Posted on 16 Mar 2010
A New York state court dismissed a lawsuit by Lincoln Life & Annuity Company of New York to rescind a $5 million dollar life insurance policy, ruling the company waived its rights to do so by accepting premium payments after it filed its lawsuit.
According to Susman Godfrey, the law firm that represented the policyowner, Lincoln alleged that the insurance policy at issue lacked an insurable interest because it was procured by third-parties for investment purposes. But in granting summary judgment in favor of the policy owner, the court dismissed the life insurer's suit.
The policy owner defended the policy's legitimacy and argued that Lincoln's conduct after it sued -- which included accepting more than $100,000 in additional premium payments -- premiums that it wanted to keep -- barred the company's claims.
"Lincoln tried to rescind an insurance policy, but at the same time it demanded, accepted and tried to keep the policy owner's payments for continued coverage," said Steven Sklaver, one of the attorneys who represented the policy owner, in a statement. The court's ruling "is a clear rejection of this practice."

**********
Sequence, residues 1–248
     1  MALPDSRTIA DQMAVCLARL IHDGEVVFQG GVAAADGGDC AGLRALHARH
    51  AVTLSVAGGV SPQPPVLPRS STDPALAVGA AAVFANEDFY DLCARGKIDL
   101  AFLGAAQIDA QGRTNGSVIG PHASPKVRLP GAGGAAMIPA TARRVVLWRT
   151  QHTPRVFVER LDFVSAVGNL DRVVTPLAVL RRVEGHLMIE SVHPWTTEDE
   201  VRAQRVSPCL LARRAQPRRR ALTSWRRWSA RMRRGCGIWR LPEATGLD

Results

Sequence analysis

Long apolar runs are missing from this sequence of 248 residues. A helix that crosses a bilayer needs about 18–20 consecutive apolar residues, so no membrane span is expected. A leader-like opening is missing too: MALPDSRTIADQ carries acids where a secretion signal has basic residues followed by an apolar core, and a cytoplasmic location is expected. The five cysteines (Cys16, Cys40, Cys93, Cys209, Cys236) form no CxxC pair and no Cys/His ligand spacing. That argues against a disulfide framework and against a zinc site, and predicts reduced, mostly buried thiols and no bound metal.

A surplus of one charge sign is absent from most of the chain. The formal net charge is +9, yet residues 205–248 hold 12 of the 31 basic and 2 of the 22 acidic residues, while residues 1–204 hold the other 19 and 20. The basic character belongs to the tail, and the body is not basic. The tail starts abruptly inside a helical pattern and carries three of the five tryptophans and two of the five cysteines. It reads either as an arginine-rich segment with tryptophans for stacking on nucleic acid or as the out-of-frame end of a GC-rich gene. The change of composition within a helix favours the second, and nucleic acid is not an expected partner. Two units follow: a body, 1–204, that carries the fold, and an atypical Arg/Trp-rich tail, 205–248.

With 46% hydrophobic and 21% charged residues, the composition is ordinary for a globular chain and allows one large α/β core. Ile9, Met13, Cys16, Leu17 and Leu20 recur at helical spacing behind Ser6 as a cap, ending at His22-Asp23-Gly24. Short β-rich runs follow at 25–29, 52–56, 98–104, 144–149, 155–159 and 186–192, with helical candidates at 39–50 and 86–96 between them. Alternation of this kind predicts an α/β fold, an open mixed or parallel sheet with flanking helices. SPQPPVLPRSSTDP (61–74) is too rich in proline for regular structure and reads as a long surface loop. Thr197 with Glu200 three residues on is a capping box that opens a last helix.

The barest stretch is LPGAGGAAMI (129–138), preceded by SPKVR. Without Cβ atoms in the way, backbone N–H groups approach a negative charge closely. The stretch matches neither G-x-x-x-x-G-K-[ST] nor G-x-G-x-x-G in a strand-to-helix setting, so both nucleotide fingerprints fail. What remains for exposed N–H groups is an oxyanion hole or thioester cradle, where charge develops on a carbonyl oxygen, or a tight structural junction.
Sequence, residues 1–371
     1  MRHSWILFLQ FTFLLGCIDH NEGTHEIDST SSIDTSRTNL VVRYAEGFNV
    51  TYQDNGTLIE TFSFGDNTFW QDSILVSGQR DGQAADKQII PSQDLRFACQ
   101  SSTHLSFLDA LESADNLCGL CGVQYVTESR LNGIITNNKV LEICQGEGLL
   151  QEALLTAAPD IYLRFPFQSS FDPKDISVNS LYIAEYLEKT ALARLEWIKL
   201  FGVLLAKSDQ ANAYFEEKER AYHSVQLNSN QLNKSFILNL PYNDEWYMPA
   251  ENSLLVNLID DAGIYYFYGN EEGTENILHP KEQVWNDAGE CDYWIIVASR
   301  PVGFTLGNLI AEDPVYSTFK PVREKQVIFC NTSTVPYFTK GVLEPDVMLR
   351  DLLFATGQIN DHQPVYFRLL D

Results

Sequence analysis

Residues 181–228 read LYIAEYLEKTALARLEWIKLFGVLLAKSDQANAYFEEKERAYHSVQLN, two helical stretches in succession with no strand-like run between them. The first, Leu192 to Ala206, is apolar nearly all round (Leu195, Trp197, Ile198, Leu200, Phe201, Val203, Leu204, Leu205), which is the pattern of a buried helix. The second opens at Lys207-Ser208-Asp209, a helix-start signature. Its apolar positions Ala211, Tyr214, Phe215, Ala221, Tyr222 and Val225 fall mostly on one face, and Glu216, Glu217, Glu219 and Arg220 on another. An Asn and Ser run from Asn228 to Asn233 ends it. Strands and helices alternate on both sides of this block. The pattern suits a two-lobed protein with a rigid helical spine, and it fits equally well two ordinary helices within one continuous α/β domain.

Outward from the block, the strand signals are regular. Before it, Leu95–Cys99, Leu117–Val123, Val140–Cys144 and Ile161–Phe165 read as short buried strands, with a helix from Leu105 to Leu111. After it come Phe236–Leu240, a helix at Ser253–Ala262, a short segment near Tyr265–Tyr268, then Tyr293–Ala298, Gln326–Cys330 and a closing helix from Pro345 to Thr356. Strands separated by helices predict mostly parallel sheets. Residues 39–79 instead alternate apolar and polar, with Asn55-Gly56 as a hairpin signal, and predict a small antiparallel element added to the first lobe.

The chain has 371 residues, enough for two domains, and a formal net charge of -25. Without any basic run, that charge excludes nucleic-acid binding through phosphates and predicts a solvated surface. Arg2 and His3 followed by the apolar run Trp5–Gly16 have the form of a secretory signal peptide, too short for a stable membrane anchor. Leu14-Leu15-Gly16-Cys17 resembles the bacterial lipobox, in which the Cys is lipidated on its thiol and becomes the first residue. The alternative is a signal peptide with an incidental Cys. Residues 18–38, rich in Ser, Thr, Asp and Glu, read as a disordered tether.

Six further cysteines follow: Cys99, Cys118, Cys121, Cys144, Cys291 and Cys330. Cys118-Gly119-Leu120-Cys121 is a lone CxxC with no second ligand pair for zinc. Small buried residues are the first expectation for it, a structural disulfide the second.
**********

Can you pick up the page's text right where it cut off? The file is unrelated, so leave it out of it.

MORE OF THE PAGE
Susman Godfrey says it represents investors and trusts in life-settlement litigation across the United States.
Separately, the life insurance industry last month came out strongly against securitizing life settlements, with a newly expressed policy from the American Council of Life Insurers calling for the practice to be universally banned. Turning life settlements into tradeable securities encourages stranger-originated life insurance — a product opposed by the ACLI — the group said.
In a typical life settlement, a policy purchased in good faith but no longer wanted or needed is sold to a third party. But in STOLI transactions, financial speculators or their representatives induce senior citizens to purchase life insurance, policies the seniors otherwise would not obtain, with the intent of transferring the death benefits to the speculators at a later date. Senior citizens are often targeted for such transactions through fraud, and can be left vulnerable to unexpected taxes and fees.